I recently went through the process of having my 2 flue chimney rebuilt from
the roofline up. I then lined one of the flues with a SS liner for a
woodburning fireplace insert.
The 2nd flue is currently being used by my gas furnace and HWH. I noticed in
the attic that some of the mortar is crumbing on that flue. (This is the
original part of the chimney, not the new part, which is just from the roof
up.) I plan to repoint these sections this spring. After reading some
articles online & in magazines, I think the problem is that my boiler is
causing too much condensation in the cold part of the chimney (in the
attic). This is causing the deterioration of the mortar.
This said, I am thinking of either a) purchasing a power vent and
redirecting the gas exhaust out the side of the house OR b) lining the 2nd
flue with a gas-compatible liner.
The cost seems about comparable ($1000-$1500 if I do it myself).
Any pros/cons to consider?
The flue gases don't touch the brick. There's a clay type liner in there
then surrounded by brick. The brick is structural only. Have it cleaned and
serviced, a decent company will run a camera down there for cracks and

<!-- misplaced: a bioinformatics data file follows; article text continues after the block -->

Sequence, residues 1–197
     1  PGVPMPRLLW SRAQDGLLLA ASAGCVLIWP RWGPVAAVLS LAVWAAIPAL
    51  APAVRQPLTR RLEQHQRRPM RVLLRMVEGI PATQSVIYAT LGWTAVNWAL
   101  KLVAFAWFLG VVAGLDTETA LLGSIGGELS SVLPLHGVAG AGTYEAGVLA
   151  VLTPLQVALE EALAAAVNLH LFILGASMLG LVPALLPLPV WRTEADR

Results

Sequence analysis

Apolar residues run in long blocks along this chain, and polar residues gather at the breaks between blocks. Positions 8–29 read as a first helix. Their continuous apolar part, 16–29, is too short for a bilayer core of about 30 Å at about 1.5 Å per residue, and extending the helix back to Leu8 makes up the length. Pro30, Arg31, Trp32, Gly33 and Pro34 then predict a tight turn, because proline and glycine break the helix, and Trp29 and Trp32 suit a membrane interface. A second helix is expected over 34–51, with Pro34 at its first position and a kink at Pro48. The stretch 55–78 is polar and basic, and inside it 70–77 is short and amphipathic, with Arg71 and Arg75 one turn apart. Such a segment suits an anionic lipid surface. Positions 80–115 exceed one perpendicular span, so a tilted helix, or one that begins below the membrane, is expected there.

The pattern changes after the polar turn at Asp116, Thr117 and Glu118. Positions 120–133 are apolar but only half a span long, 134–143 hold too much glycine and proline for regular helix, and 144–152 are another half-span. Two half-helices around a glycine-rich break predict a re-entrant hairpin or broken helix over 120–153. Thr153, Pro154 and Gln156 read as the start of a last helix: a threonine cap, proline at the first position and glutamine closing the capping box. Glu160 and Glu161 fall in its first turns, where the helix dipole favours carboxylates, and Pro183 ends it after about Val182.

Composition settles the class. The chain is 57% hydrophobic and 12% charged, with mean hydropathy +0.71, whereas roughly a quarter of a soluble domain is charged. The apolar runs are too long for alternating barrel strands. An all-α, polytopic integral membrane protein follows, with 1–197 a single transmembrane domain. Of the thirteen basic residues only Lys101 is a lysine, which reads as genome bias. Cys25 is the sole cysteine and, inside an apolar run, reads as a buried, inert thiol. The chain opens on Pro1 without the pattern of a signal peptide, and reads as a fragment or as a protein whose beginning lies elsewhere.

He probably is sure, but he is not correct. Flue liners are required
by many current building codes but go back a few decades or so and
this was not the case. Older houses often had brick chimneys with no
liner, and deterioration was/is a problem. High efficiency furnaces,
which have lower flue temperatures, do tend to make it worse because
of condensation, as some other psoters mentioned. The condensation is
worse than plain water for masonry, because it is slightly acidic,
which is generally harmful to mortar, and possibly the bricks
No dumb questions, just dumb answers.
Larry Wasserman - Baltimore, Maryland - email@example.com
How old are the furnace and water heater. Current efficient furnaces can us
PVC to exhaust fumes because exhaust has little heat left in it. Water
heaters can be equipped with failsafe double pipes that have intake and
exhaust in one metal pipe. Spend money on these instead of chimney.
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